Aimee Byrd’s New Book: A Review-Part 1

Aimee Byrd, author, speaker, and former co-host on Mortification of Spin, has written a provocative book, Recovering From Biblical Manhood & Womanhood: How the Church Needs to Rediscover Her purpose. Over the next few weeks, I will be interacting with her writing, but I share my initial impression in this first post. 

In general, she writes well and uses gripping illustrations. One of the major illustrations she uses is from a novel The Yellow Wallpaper, by Charlotte Perkins. Before reading Aimee Byrd’s book, I had never heard of this novel. Admittedly, I rarely read novels and relied on Cliff Notes to get through high school English, so it was no surprise that I had never heard of it. This short story, written by Charlotte Perkins Gilman, describes a woman who struggles with postpartum depression and is prescribed “rest therapy” by her doctor. In essence, she is driven to further depression, feeling controlled by her husband and circumstances as she is isolated in a room with yellow wallpaper. The narrator becomes convinced that a woman trapped insider the pattern of the wallpaper. The book ends terrifyingly. The wife has torn out the wallpaper and proclaimed herself free. The Yellow Wallpaper is a motif that Aimee uses throughout the book. Each chapter of the book has a peel and reveal section.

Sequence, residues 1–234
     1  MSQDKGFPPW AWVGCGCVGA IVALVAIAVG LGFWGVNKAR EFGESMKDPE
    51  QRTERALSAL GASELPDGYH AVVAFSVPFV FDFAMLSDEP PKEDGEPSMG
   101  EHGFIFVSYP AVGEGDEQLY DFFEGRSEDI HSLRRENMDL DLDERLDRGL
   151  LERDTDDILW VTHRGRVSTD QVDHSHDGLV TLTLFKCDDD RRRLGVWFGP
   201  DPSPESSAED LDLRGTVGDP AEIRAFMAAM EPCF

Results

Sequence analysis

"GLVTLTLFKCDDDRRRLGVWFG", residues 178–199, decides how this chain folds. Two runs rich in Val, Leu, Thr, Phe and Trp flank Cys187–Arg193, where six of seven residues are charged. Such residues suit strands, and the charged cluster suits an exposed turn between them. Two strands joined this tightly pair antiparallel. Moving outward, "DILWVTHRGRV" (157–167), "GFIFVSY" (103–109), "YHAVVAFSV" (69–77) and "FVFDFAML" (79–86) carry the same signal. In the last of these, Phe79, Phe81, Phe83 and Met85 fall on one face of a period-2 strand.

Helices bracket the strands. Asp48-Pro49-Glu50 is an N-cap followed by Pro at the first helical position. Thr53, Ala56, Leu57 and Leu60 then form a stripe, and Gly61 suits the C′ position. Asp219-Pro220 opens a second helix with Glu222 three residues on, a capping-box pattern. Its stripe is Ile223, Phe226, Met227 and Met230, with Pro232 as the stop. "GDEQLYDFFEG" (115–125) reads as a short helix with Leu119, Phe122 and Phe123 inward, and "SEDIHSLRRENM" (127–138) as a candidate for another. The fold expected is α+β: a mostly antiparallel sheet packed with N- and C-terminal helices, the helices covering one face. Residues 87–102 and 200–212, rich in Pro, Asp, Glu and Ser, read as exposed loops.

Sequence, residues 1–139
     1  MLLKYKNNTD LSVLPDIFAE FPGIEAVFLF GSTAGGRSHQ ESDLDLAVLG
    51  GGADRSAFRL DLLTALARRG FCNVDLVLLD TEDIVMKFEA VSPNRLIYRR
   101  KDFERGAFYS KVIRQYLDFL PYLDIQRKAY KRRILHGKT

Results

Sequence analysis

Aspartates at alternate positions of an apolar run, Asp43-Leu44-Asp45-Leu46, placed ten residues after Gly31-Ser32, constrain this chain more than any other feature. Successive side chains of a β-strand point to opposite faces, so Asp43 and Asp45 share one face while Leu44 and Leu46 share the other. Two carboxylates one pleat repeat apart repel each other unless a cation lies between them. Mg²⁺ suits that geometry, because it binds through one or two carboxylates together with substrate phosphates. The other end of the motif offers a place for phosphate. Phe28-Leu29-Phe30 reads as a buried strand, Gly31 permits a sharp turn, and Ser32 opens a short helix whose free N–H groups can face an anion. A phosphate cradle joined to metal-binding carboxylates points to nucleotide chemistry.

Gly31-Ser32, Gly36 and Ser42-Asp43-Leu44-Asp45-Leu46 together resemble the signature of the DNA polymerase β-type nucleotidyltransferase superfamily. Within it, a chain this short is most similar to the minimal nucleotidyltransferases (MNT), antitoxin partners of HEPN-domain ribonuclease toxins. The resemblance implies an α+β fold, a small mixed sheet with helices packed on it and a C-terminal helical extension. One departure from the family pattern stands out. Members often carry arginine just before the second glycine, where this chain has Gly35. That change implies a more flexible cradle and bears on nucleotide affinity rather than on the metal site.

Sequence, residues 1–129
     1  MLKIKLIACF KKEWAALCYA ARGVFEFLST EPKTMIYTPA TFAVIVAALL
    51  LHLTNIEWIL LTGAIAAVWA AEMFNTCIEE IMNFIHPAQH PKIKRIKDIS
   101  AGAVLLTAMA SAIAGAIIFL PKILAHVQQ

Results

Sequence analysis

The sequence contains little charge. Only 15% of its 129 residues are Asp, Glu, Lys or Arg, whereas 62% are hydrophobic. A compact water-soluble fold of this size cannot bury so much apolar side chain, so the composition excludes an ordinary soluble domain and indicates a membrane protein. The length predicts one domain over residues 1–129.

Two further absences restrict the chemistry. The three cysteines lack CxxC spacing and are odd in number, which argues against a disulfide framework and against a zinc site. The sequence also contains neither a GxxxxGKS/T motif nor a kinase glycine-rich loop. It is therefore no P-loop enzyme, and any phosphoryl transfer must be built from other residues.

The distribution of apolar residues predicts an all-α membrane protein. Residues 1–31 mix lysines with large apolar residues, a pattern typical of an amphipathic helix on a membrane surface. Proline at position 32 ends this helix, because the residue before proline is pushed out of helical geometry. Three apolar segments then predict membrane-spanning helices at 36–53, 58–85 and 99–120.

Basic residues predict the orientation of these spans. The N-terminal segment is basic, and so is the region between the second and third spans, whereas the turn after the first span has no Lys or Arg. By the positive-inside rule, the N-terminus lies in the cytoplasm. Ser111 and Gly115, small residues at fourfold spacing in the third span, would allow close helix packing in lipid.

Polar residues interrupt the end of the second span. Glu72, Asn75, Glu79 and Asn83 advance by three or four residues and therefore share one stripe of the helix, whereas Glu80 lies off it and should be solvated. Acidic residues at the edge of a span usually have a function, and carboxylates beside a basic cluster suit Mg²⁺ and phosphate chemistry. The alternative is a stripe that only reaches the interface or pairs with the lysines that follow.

The purpose of the book, Aimee Byrd states in her own words, “seeks to provide an alternative to all the resources marketed on biblical womanhood and biblical manhood today, focusing on the reciprocity of the male and female voices in Scripture, the covenantal aspect to Bible reading and interpretations, and bearing the fruit of that in our church life.” The primary ministry in her crosshairs is the Council of Biblical Manhood and Womanhood. This is a parachurch organization that has a wide-reaching influence on the evangelical church. They were the authors of both the Davers Statement and the Nashville Statement. Despite disagreements with some of her conclusions, which we will get to in a later post, the book does a good job encouraging the church not to pawn off its discipleship role to parachurch organizations. 

This book has generated many online controversies, which I will steer away from, but I will engage with her observations, exhortations, and conclusions.

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